Concerning heart examinations, there are so many words that confuse people, and sometimes doctors too. What's the difference between the techniques? What does each of them do? Which one do you need?
Before getting there, let's first be clear about one thing. Every treatment and examination comes with risks and a chance of inaccuracy (or predicative value). However, not getting tested can be just as risky (or riskier). It is important to assess the risks and possible complications, and weigh those against the risk of not doing the tests before having any examination.
However, if it has been determined that you need to have the test, you should go ahead. Now the question is, what test is best if you want to know your heart's condition?
For doctors, accuracy determines what test is best, but for patients, they want one that is painless and quick. Those under health insurance or a government payment scheme may also need something they are covered for, which is sometimes a problem since the tests covered by these third parties are usually outdated while the technology advances quickly.
New tests are usually more expensive, but this doesn't mean they do a better job. It's up to you and your doctor to decide whether the new technology is worth a try (and the extra cost).
When it comes to choosing the best treatment, there are many factors that you should consider. What is the chance of you recovering from your health problem once you know the result of the test? How complicated and painful is the procedure? Does it prevent the problem from recurring?
Also, keep in mind there may be complications and side effects. Some treat- ments end up causing heart attacks, heart failure, or strokes. If the chance of these complications is high, you might need to reassess whether you really want to take the risk.
But you also need to consider the chance of similar scenarios if the disease is not treated.
Let me give you an example. There are many tests available for myocardial ischemia, or angina pectoris. From the least risky to the most complicated they are: an EKG test, ECHO test, treadmill, stress test, cardiac MRI, Multislice Detector CT scan (MDCT) and Catheterisation Coronary Angiography. The last two tests involve the aid of a contrast medium.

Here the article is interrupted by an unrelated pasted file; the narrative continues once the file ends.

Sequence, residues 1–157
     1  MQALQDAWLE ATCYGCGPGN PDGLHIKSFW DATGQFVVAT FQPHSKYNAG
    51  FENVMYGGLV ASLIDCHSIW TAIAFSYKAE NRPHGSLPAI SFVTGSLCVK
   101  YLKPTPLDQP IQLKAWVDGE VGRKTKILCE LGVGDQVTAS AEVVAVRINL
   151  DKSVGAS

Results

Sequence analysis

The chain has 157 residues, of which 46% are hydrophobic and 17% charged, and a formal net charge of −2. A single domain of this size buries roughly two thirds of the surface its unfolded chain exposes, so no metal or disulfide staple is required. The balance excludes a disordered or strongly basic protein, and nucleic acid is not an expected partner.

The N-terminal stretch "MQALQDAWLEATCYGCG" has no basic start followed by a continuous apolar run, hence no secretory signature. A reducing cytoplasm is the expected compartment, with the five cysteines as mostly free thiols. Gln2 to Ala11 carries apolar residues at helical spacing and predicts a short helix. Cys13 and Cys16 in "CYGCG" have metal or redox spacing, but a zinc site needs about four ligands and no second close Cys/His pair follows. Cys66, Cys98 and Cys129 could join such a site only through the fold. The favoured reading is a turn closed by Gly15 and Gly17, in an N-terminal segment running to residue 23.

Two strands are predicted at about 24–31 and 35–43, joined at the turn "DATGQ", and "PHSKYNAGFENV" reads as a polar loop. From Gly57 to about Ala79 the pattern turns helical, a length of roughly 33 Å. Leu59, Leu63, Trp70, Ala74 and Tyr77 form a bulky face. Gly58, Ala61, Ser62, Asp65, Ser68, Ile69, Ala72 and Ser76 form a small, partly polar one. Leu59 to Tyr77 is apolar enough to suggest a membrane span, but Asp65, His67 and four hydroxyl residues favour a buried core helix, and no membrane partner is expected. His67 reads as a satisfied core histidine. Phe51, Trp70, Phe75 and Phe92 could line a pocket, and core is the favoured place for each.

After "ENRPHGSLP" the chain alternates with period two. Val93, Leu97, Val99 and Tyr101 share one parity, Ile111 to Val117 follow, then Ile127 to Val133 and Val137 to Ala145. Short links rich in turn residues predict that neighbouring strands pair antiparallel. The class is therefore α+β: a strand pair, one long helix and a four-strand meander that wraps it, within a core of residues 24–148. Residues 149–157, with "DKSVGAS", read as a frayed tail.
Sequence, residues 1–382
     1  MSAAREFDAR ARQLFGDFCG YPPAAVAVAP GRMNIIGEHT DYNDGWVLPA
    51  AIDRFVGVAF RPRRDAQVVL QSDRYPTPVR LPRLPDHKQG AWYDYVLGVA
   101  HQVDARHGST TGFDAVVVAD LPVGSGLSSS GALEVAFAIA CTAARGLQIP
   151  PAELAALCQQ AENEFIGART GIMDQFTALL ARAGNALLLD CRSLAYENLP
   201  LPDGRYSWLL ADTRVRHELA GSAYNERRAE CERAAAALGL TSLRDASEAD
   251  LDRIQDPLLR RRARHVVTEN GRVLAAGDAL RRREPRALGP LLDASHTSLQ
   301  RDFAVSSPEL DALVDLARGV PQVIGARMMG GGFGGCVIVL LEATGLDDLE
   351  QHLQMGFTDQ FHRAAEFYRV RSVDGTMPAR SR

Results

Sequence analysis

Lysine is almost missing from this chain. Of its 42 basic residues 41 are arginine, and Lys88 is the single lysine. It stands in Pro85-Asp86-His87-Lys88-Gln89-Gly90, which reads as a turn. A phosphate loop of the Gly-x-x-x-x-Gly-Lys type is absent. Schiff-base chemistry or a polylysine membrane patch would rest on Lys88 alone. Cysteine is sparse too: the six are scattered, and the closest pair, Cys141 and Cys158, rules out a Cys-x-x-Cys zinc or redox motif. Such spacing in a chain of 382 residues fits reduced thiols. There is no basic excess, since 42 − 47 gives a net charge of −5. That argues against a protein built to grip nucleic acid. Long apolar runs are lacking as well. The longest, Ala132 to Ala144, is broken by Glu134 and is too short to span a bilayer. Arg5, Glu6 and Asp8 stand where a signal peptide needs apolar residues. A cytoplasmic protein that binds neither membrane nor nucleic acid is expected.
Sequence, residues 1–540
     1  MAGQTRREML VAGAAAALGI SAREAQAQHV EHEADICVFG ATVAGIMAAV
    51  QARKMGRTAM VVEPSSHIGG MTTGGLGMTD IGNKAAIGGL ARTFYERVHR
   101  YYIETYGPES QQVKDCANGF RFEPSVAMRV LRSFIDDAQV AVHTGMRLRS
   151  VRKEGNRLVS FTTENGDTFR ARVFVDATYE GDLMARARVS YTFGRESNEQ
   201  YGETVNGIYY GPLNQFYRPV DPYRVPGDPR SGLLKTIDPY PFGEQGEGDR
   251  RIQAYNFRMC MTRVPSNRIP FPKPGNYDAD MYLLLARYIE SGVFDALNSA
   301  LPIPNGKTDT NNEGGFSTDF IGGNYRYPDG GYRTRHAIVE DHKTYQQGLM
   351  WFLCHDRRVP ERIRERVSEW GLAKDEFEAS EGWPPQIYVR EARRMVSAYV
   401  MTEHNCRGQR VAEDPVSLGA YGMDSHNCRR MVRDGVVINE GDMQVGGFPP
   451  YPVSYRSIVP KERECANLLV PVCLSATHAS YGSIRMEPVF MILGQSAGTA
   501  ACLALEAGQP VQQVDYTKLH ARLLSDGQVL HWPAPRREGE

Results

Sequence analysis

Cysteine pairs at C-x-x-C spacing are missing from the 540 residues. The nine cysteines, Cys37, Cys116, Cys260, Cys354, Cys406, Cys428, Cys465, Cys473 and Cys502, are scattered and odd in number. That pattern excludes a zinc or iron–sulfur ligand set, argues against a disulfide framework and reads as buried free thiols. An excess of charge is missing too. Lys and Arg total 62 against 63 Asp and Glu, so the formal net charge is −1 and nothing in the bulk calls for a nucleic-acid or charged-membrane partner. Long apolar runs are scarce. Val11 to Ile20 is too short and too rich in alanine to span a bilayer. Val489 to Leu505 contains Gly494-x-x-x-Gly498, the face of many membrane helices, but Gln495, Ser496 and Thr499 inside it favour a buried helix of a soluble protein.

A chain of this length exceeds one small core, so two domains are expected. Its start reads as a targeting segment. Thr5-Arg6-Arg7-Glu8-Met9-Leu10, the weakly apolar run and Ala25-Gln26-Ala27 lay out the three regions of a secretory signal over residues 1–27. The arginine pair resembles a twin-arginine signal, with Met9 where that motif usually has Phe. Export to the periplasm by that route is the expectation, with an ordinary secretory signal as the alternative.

Now, I will reshuffle the order and start from the least accurate to the most. The order will be EKG test, ECHO test, treadmill test, stress test, MDCT, cardiac MRI, and Catheterisation Coronary Angiography.
For myocardial ischemia or coronary artery disease treatment, from the least risky to the most, available options are exercise (under supervision), medicine, EECP, balloon angioplasty and stent placement, and surgery (or bypass surgery). Don't forget what I mentioned earlier about assessing whether or not treating it would be a better option.
Again, let me reshuffle and arrange the options of the above treatments based on effectiveness. The order will be medicine, EECP, and balloon and stent placement. However, coated stent placement and bypass surgery produce quite similar results these days.
However, it varies from person to person. Each case has to be considered individually. What works for one person might not work for another.
What's more, two doctors treating two patients with the same problem could end up with drastically different results.
A patient of mine, in his 60s, came to see me because he felt tightness in the chest while walking to the parking lot after a meal. It happened twice, each time lasting about five to 15 minutes. First he assumed it was a stomach problem, but his medicine did not help.
After he told me what happened, I could tell right away (without any test) that he had a narrowed artery of the heart. However, he was scared of a Catheterisation Coronary Angiography, so I sent him for an MDCT scan.
It was found that he had three narrowed arteries, which could be easily treated with balloon angioplasty and stent placement. I explained the pros and cons as well as the risks of each treatment and not treating at all. He told me he needed to think about it and seek a second opinion. I looked around the room and his whole family, who had been there throughout our discussion, was in favour of getting the treatment. I asked: "Whose opinion do you want?"
He stammered, and his wife cut in: "He wants to see a fortune teller to ask what day would be the most auspicious to get the treatment."
I knew just how to handle situations like this. I said: "Then you should also write down my birth date and time.
"But maybe you don't need to see your fortune teller. Mine just told me the other day that I will be very successful in everything I do this week. I'm not so sure about the week after, though."
As soon as I finished that sentence, he agreed to get the treatment. It all went well, and he could go home the next day.
In the end, it was a success like the forecast (by me).
Dr Nithi Mahanonda is a consultant cardiologist and interventionist at the Perfect Heart Institute, Piyavate Hospital. Visit his website at www.drnithi.com.
About the author
- Writer: Dr Nithi Mahanonda